For the sample of HCPs who took part in the evaluation, knowledge and confidence to deliver effective very brief advice for SHS significantly improved following participation in the online training module and these increases were maintained for at least 3 months. Participation also led to self-reported positive changes in practice when working with smoking families. This novel training takes only 30 min to complete and is freely accessible to any health and social-care professional with access to the internet. There is potential for this module to be embedded within training programmes across health and social care professions, which may help to increase the knowledge and confidence of HCPs to deliver very brief advice for SHS to smoking families. Future research needs to explore whether the smoking families who receive very brief advice for SHS are motivated to make changes to their home smoking behaviours and whether roll-out of this intervention would be cost-effective.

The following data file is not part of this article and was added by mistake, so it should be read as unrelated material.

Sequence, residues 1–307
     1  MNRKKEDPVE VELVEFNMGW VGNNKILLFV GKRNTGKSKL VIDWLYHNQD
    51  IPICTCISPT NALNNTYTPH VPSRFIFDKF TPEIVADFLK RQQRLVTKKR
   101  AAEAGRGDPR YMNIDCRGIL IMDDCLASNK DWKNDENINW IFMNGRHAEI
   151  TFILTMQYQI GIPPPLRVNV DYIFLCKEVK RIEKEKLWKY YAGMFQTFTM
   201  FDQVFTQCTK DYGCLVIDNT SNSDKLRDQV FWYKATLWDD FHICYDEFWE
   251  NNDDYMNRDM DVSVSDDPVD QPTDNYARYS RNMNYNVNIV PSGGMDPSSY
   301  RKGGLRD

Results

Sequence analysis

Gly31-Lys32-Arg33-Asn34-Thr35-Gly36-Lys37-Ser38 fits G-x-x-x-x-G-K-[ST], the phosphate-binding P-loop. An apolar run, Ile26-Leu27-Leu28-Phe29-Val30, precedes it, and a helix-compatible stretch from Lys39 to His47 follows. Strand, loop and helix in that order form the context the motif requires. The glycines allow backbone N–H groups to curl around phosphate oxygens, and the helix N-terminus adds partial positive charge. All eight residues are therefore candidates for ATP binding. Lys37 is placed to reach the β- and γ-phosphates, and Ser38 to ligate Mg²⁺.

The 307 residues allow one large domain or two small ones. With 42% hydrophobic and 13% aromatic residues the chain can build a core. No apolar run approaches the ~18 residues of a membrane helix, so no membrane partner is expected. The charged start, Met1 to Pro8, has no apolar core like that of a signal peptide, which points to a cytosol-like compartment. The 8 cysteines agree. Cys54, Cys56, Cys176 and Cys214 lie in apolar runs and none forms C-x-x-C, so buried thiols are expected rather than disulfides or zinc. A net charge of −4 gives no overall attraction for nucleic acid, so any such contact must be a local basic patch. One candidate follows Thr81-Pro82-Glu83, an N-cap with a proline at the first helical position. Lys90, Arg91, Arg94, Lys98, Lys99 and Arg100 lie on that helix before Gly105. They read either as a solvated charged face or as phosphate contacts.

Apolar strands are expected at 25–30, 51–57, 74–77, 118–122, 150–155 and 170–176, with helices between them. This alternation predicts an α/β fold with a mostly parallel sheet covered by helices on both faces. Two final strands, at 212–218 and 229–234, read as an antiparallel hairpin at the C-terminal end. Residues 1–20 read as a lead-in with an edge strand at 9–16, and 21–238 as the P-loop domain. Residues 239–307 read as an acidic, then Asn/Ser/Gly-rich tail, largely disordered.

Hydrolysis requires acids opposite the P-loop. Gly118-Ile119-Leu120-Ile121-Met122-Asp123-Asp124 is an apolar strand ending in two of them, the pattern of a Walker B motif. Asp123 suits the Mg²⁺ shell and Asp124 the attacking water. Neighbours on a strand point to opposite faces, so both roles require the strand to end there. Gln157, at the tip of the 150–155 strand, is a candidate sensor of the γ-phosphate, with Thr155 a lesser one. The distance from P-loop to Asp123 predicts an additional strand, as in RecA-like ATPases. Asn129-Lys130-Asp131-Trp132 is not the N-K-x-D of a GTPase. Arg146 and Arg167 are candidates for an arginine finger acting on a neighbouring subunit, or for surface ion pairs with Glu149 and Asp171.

Health and social care professional/s
Royal College of Physicians. Passive smoking and children. A report by the Tobacco Advisory Group. London: RCP; 2010.
Leonardi-Bee J, Jere ML, Britton J. Exposure to parental and sibling smoking and the risk of smoking uptake in childhood and adolescence: a systematic review and meta-analysis. Thorax. 2011;66:847–55.
Oberg M, Jaakkola MS, Woodward A, Peruga A, Pruss-Ustun A. Worldwide burden of disease from exposure to second-hand smoke: a retrospective analysis of data from 192 countries. Lancet. 2011;377:139–46.
Jarvis MJ, Feyerabend C. Recent trends in children's exposure to second-hand smoke in England: cotinine evidence from the Health Survey for England. Addiction. 2015;110(9):1484-92.
Wakefield M, Banham D, Martin J, Ruffin R, McCaul K, Badcock N. Restrictions on smoking at home and urinary cotinine levels among children with asthma. Am J Prev Med. 2000;19:188–92.